Jack Ciattarelli, the Republican candidate for New Jersey governor who smashed expectations of a big loss by nearly dramatically incumbent Gov. Phil Murphy on Nov. 2, will finally concede, according to his campaign.
Ciattarelli surprised many, including New Jersey pollsters who later apologized, for his strong showing on Election Day earlier this month.
He held off conceding to Murphy for days while the final provisional and mail-in ballots were counted already though he trailed by 2.6%. The difference amounts to more than 65,000 votes. Unlike other politicians in recent times, however, neither he nor his campaign ever questioned the results or claimed voter fraud.
Ciattarelli, a former state assemblyman from central New Jersey, will concede in a speech Friday, a campaign source said. He will speak at 1 p.m. in Raritan.
“Let me be clear, no one on this team is alleging fraud or malfeasance, as we have not seen any credible evidence of that,” said Ciattarelli’s legal counsel Mark Sheridan in a statement last week.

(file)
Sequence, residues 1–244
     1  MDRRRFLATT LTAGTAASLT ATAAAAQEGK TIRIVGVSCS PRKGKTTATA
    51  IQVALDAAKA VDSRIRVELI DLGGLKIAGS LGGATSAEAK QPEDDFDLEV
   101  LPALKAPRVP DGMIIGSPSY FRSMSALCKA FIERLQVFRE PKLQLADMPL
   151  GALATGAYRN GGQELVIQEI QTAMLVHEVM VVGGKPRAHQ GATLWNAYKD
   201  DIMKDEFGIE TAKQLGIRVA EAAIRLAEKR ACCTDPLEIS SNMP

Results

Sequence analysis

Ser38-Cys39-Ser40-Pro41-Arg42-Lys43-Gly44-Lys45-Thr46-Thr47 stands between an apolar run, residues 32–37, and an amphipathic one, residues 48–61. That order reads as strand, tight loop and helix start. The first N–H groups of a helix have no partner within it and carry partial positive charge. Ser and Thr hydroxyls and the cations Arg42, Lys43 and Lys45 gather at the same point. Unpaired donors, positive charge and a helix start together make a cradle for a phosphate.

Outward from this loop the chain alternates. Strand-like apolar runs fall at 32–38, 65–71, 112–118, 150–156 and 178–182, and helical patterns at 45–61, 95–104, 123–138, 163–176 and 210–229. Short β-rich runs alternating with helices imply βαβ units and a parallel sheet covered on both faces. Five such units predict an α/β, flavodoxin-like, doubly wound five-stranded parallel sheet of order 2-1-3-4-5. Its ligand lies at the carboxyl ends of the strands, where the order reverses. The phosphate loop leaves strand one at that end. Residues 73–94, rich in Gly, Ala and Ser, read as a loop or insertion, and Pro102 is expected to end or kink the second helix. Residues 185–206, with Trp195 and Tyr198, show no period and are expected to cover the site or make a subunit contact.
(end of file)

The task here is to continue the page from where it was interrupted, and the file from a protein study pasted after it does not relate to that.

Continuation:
Ciattarelli campaigned on a mix of traditional issues, like lowering the state’s high character taxes, in addition as against COVID-19 mandates.
Murphy became that first Democrat to win reelection as governor in 44 years. He focused principally on the progressive agenda he delivered in his first term, including higher taxes on the wealthy and a boosted minimum wage, among other programs.
Ciattarelli said last week that it was too early to concede the election or declare victory. He also urged supporters not to believe unfounded conspiracies and said the consequence — no matter the outcome — would be fair.
Murphy’s victory was a bright identify for Democrats nationally, though the party lost the Virginia governor’s race already after President Joe Biden carried the state by double digits in last year’s election against Donald Trump.
Despite Murphy’s win, Republicans had an unexpected and important victory in the Legislature, defeating Senate President Steve Sweeney and dramatically officials across the state.
The Associated Press contributed reporting to this story.
Click: See details